Senegal’s Fishermen No Match for EU Trawlers

Adjusted over his ocean kayak’s unfilled hold, Daouda Wade levels an accusatory finger at four blotchs upcoming – manufacturing plant measured remote vessels angling in the Atlantic off West Africa.

“Those huge water crafts have found everything,” the 33-year-old angling commander says.

The European-hailed boats are working in Senegal’s waters under a four-year, $75-million contract between the European Union and Senegal’s administration, which says the assertion gets a constant flow of painfully required money.

“What’s more, now there’s nothing left for us, the Africans,” Wade says, his 25 sweat-streaked crew members hunching down inactively on unused nets heaped in the base of the kayak.

It’s a protest progressively listened: that Western pontoons that have drained angling grounds in the North Atlantic now are exhausting African waters, leaving little for local people. The European trawlers – multi-deck steel ships 20 times the span of Wade’s 100-foot kayak of splendidly painted timber – can arrive single pulls of fish worth a huge number of dollars in Europe.

Senegal’s fishing community will act on foreign fleets if government doesn’t

These days, Senegalese fishermen say, they are earning less than a dollar a day — if they’re lucky. In a 14-hour day, Wade’s crew didn’t catch a single fish.

Senegalese fishermen, whose practices are little modernized beyond outboard motors and synthetic-fiber nets, say the coastal catch they consider their birthright is disappearing into the trawlers’ refrigerated holds.

The World Wildlife Fund says a decrease in fish stocks off West Africa is linked to European vessels legally fishing, as well as Russian and Asian boats that slip in illegally.

The foreign-flagged vessels are “mainly responsible for overexploiting the fish resources, which ought to be providing food for Africa now and in the future,” the fund said in a 2002 report.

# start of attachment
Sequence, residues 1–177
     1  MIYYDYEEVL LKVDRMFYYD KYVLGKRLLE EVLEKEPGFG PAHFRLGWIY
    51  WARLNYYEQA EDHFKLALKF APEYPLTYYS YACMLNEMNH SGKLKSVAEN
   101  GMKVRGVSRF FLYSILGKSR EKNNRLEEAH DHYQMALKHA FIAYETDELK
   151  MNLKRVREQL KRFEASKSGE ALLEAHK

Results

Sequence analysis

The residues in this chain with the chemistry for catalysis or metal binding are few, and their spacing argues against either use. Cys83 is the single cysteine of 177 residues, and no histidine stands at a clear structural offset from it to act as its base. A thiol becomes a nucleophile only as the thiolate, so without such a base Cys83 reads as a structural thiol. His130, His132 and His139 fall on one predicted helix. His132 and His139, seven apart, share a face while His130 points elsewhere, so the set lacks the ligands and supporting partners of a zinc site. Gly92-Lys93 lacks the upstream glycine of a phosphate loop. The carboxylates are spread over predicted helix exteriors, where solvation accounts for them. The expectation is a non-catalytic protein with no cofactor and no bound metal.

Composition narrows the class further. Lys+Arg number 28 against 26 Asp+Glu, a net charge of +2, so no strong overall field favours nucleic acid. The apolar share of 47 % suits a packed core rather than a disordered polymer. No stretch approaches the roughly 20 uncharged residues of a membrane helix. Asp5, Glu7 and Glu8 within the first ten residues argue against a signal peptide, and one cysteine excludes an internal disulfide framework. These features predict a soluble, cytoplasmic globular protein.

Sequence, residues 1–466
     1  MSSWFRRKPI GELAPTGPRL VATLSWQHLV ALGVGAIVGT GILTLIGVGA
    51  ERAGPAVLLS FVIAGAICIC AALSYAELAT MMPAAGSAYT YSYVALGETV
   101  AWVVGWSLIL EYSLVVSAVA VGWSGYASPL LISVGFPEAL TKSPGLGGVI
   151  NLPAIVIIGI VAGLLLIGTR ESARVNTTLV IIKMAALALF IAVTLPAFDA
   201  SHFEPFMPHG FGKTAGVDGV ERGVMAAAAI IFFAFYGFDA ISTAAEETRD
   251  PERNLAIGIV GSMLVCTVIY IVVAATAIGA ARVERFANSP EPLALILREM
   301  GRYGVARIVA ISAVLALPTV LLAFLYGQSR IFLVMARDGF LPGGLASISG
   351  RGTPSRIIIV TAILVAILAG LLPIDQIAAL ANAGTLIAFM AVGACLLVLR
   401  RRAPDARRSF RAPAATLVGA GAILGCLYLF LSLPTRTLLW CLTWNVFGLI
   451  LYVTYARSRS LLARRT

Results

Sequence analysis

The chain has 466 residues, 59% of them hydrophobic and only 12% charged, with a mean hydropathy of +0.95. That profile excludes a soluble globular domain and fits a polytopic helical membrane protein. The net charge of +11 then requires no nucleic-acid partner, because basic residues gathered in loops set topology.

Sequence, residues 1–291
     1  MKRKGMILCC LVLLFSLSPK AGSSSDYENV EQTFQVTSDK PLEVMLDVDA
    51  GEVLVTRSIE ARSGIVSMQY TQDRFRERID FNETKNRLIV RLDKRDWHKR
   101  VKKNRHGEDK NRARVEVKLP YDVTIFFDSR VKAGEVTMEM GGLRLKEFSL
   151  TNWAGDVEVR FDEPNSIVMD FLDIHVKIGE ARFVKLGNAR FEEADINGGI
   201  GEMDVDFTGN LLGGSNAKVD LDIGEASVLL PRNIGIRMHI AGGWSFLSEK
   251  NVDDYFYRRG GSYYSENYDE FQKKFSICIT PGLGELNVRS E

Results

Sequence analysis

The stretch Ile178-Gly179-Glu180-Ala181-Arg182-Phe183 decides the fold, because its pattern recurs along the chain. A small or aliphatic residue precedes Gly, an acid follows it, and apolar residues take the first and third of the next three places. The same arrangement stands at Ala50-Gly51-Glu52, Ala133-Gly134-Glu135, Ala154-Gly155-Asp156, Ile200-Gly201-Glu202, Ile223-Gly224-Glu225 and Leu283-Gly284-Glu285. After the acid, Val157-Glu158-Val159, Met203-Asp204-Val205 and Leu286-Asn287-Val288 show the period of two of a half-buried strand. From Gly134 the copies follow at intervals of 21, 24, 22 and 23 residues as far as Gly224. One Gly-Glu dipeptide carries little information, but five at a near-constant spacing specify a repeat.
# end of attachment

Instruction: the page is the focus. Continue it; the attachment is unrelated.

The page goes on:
But conservationists say Senegalese fishermen also bear blame, some for keeping small fry rather than throwing them back, others for using dynamite instead of nets and hooks.

The European Union defends its fleet. Senegal News, Sports and Politics says the contract limits the catch of many fish species, installs observers on each boat and provides jobs for Senegalese. Under the four-year contract, extending a pact originally signed in the early 1980s, the EU pays nearly $20 million annually to Senegal, one of the world’s poorest countries.

EU Fisheries Partnerships with Senegal

The settlement requires that $3.6 million of the yearly continues be spent on creating manageable and mindful angling techniques in Senegalese waters.

“This will add to a significant change in the administration of the marine assets in Senegalese waters,” Gregor Kreuzhuber, a representative for the EU’s agribusiness and fisheries magistrate, said in a composed reaction to questions put together by Associated Press.

“It’s so critical for the administration to have this cash,” Moustapha Thiam, a delegate chief of Senegal’s Department of Fisheries, said.

But many people in Senegal’s fishing towns say they see little benefit trickling down from the EU payments.

About 600,000 people in this former French colony of 11 million work in fishing and related industries.

A dry land edging on the Sahara Desert, Senegal produces little beyond peanuts, cotton and cement, so fish have always played a vital role in incomes, diet and culture.



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